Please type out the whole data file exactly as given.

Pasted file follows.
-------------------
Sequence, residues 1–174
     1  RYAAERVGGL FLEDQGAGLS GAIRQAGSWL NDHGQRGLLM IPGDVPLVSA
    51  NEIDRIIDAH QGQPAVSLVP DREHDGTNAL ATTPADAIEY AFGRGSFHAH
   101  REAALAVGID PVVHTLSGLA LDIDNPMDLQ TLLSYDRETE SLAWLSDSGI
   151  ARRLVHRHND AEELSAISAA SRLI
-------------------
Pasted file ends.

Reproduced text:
Sequence, residues 1–174
     1  RYAAERVGGL FLEDQGAGLS GAIRQAGSWL NDHGQRGLLM IPGDVPLVSA
    51  NEIDRIIDAH QGQPAVSLVP DREHDGTNAL ATTPADAIEY AFGRGSFHAH
   101  REAALAVGID PVVHTLSGLA LDIDNPMDLQ TLLSYDRETE SLAWLSDSGI
   151  ARRLVHRHND AEELSAISAA SRLI